It’s pretty easy to hoax people. We all want to be deceived, but only up to a point. Some hoaxes are fun and pleasant, others malicious and unpleasant. We’d like a way to tell the difference (Robert Carroll).

Oct 19, 2008

The Man Who Never Was

This is one of the finest and most significant hoaxes in history. It had a very limited audience - the German military intelligence and command structure up to and including Hitler in World War II. The hoax was perpetrated by British Naval Intelligence people. Lt. Cmdr. Ewen Montagu, the chief hoaxer, told the story in 1953 in the book "The Man Who Never Was." Hollywood couldn’t generate a better story.

The story of the hoax began in late 1942, when a young man died of pneumonia in London. His involvement in the hoax is almost too fantastic to believe.

At the same time, the Allied forces were seeing the requirement for taking Sicily from the Germans. It was serving as a base for attacking Allied supply convoys in the Mediterranean, resulting in serious losses in those convoys. What would be the target of an Allied invasion? Churchill himself later said that "anybody but a damn’ fool would know it is Sicily." Montagu’s project was to develop a hoax that would deceive the Germans into thinking that the Allied invasion would start somewhere else. But how to do that? The Germans were very thorough and checked everything very carefully.

The hoax entailed developing a plausible scenario that would deliver documents of significant military value to the Germans; the documents would, of course, be fake and constitute the payload of the hoax. The challenge was to make the scenario so perfectly believable that the Germans would accept the documents as genuine. The plot was given the code name "Operation Mincemeat."

The ultimate scenario can be summarized as follows.

1. The Vice Chief of the Imperial General Staff, Gen. Sir Archibald Nye, writes a letter to Gen. Sir Harold Alexander, who was commanding an army in Tunisia. This letter would be most sensitive and secret because it discussed Mediterranean operations and cover plans, along with a few other issues of interest to Gen. Alexander.
2. This letter would be hand-carried to Africa by a Major William Martin of the Royal Marines.
3. Because flying over enemy territory with sensitive material was prohibited, the Major’s aircraft would avoid land until it reached Africa.
4. Some accident occurs, the aircraft crashes at sea and all hands perish.
5. Major Martin’s body, still clutching the briefcase containing the letters he was carrying, washes up on the beach at Huelva, on the Atlantic coast of Spain. An overturned life raft is found in the same area.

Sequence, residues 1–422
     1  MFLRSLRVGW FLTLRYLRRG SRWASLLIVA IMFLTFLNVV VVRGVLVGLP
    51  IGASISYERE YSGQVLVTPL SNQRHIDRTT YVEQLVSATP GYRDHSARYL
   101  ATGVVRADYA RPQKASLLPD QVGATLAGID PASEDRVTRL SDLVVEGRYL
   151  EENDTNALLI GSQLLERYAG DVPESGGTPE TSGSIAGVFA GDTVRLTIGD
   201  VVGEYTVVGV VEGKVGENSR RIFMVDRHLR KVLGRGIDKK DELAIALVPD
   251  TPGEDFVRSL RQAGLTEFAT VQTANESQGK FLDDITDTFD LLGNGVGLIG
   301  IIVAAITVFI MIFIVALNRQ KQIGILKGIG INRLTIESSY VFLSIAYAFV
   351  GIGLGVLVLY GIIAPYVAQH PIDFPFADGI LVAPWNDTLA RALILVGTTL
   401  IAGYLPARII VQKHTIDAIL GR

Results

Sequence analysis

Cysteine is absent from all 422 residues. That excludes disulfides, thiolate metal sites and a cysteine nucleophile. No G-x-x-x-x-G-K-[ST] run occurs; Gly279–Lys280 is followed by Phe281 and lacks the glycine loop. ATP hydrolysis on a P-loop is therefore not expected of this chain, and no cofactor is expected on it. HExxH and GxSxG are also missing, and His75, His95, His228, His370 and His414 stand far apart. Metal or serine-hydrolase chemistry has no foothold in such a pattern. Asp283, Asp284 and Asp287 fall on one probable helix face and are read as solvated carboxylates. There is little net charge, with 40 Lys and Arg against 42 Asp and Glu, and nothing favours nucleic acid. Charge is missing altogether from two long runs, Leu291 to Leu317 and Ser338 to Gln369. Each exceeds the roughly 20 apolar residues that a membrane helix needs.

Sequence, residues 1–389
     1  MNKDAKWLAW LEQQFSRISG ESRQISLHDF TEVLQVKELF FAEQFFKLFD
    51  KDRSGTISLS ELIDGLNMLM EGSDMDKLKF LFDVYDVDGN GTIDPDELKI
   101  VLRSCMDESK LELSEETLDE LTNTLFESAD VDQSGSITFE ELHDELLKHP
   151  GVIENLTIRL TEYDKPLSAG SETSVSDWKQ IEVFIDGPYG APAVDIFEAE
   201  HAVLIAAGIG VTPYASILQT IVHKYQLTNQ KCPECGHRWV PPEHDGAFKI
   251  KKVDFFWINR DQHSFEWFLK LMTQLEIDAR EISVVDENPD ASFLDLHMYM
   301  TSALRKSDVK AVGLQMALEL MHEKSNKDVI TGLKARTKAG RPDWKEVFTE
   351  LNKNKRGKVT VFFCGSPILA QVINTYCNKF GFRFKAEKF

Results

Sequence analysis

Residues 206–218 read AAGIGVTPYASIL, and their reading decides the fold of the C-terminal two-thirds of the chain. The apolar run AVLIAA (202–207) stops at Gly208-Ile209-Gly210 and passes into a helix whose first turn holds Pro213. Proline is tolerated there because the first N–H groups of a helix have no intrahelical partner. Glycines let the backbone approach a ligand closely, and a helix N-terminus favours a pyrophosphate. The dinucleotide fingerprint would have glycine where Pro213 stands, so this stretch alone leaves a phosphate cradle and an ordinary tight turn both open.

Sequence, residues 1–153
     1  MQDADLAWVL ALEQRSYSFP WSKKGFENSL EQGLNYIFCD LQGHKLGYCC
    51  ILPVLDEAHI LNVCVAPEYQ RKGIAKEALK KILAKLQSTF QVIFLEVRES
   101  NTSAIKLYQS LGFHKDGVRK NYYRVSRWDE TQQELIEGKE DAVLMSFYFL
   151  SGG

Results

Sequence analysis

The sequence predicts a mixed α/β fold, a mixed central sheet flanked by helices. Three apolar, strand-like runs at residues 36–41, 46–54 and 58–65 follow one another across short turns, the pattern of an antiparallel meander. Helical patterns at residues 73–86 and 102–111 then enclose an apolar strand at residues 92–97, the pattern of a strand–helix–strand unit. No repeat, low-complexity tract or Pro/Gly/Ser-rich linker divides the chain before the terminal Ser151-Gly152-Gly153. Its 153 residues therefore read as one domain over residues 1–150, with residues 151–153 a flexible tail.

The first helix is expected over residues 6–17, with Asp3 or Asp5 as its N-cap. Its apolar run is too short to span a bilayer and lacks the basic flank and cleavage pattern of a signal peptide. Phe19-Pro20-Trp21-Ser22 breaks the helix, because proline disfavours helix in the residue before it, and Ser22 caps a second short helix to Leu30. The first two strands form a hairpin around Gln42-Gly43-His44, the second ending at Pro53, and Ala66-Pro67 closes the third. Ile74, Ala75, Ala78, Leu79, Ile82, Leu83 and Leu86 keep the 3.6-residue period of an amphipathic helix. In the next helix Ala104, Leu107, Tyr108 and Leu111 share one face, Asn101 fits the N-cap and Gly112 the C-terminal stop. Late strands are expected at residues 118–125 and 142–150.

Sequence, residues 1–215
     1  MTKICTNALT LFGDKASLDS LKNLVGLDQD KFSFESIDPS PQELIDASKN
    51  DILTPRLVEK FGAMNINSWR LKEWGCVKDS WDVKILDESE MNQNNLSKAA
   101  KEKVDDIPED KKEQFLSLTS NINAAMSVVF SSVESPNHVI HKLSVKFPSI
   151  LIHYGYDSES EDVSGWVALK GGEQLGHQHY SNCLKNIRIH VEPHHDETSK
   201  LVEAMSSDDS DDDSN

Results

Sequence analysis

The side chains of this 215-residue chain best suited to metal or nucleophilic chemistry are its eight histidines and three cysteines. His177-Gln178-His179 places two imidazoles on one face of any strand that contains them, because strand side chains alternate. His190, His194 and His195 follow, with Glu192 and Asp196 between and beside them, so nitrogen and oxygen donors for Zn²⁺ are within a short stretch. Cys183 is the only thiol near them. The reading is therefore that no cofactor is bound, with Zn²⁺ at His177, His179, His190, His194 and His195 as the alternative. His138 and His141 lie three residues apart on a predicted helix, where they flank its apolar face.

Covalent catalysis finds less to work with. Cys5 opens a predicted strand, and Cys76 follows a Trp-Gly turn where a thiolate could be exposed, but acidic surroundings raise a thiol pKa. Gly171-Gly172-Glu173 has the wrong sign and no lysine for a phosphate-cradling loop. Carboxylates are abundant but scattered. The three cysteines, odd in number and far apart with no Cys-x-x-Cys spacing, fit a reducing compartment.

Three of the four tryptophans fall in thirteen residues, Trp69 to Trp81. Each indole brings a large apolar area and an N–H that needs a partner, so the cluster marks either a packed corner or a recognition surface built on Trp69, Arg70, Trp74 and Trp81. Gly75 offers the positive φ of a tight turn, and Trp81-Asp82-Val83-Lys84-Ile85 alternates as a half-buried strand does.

6. The body is found by a fisherman and turned over to authorities.
7. After an autopsy, Major Martin is buried with full military honors in the Huelva cemetery.
8. The Major’s briefcase would later be returned to British diplomats in Spain and ultimately returned to England.
9. German intelligence agents, active in Spain, would obtain copies of whatever documents Major Martin was carrying.

That was the plan. The actions of the Spanish were reasonably predictable, so the last steps were relatively certain.

Montagu and his team knew that, even though Spain was neutral in the war, the Abwehr (German intelligence service) was quite active there and that the Spanish were cooperative. This knowledge was important in the design of the scenario.

The letters Major Martin carried were carefully designed deceptive fakes intended to suggest that the Allied invasion would be aimed at Greece and Sardinia, NOT Sicily. The vehicle for their delivery was the stuff of legend: Major Martin was a completely fictitious character - the Man Who Never Was. He never existed. So - just who was it that washed ashore at Huelva? Remember that young man who died of pneumonia in London? Montagu needed a corpse of a young man to pose as Major Martin. After the body was discreetly (and legally) obtained, it was put in cold storage while the plot was developed. Montagu noted that Major Martin was the only man ever to join the Royal Marines after he was dead!

Real Major Martin Grave in Spain

Major Martin did not die in an airplane accident - he was already dead! The body, fitted out as a Royal Marine major, was iced down in a special container, loaded aboard a British submarine, taken to a point offshore from Huelva and placed in the water. The onshore wind carried the body towards shore where the fisherman found it. After that the Spanish did exactly as Montagu had predicted.

It’s a long and fascinating story. To sum it up, the hoax worked beyond Montagu’s wildest dreams. It fooled everyone in the German command, including Hitler. That letter from Gen. Nye caused the Germans to split and dilute their defenses in a catastrophic way. An important Panzer division was diverted to Greece and a large amount of resources was expended in fortifying the area. A useful naval unit was sent to the Aegean, taking it out of action in Sicily. In the West, defensive efforts were diverted from Sicily to Sardinia and Corsica.

The seriously weakened defenses of Sicily were unable to withstand the huge Allied assault and collapsed fairly quickly. After a few days the Germans began to suspect something, as the invasion of Sicily continued and nothing was happening at Sardinia and Greece, but it was too late to recover.
The monstrous hoax had done its job perfectly; it caused the Germans to split their defenses across Europe, ensuring an Allied success at Sicily and saving thousands of Allied lives. The pen was mightier than the sword!

The Man Who Never Was has been a title of a 1954 book by Ewen Montagu and a 1956 World War II war film based on the book.

You can see the entire movie at the following link for free:


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